California Literary Review

Politics

Republicans Invade Primetime

by

January 28th, 2013

When I logged onto the Twittersphere after the show to congratulate @LenaDunham on a job well done, I was shocked at the vitriolic speech of those commenting about the episode and Dunham’s decision to write a character who was not ashamed of his right-leaning political beliefs.

Book Review: The Hillary Effect by Taylor Marsh

by

December 20th, 2011

There may not be space in a blog post to let the reader weigh the words and come to their own conclusion, guided by your discreet commentary, but this habit of GLOSSING EVERYTHING IN ALL CAPS grates across two hundred and fifty pages. There’s little rhetorical virtue in having the last word in your own paragraph.

Book Review: Chavs: The Demonization of the Working Class by Owen Jones

by

July 5th, 2011

But wherever it originated, the word conjures up an instant picture of young people in cheap sportswear, swigging alcopops, brandishing knives and selling each other drugs whilst getting their fifteen-year-old girlfriends pregnant. They are a favourite subject for the right-wing tabloids, and where the term “chav” is found, the words “feral”, “benefits” and “underclass” will often be somewhere in the vicinity, not to mention “lifestyles funded by your taxes!”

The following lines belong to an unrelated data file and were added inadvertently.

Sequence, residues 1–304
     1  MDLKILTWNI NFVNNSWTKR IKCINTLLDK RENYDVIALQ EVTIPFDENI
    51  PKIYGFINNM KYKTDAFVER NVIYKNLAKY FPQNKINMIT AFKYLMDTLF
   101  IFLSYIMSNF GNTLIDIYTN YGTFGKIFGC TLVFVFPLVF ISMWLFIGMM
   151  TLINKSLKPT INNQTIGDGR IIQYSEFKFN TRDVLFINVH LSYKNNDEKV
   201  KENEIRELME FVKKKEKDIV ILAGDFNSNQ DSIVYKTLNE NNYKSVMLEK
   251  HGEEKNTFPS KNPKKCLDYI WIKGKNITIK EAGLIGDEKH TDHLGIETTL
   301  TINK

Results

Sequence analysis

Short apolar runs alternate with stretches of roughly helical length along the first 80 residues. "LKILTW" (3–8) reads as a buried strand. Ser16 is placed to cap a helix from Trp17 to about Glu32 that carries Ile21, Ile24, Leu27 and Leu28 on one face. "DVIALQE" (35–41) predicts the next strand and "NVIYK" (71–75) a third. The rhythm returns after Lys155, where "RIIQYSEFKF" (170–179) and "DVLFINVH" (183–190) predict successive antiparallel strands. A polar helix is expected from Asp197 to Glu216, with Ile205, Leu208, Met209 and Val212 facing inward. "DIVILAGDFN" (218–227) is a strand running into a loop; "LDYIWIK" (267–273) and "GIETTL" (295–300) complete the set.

In Case You Missed… Christopher Smith’s Black Death

by

June 29th, 2011

Most movies like Black Death exploit the historical context to take shots at organized religion with impunity. A select few try to balance the mistakes of the early church with the importance of faith over dogma – an approach that Season Of The Witch admittedly tried, but got lost too far up its own butt to realize. Black Death tends toward the latter type of story, but pushes its acid satire into fairly new territory.

The Weekly Listicle: Ballad Of The Soldier

by

January 21st, 2011

This weekend, Peter Weir graces us with The Way Back, a tale of daring escape by prisoners of war. In due fashion this week’s Listicle salutes the soldier in film. From comedy to adventure to stark, sobering drama, soldiers have faced a great deal on the movie screen.

The Healing of America: A Global Quest for Better, Cheaper, and Fairer Health Care by T. R. Reid

by

September 24th, 2009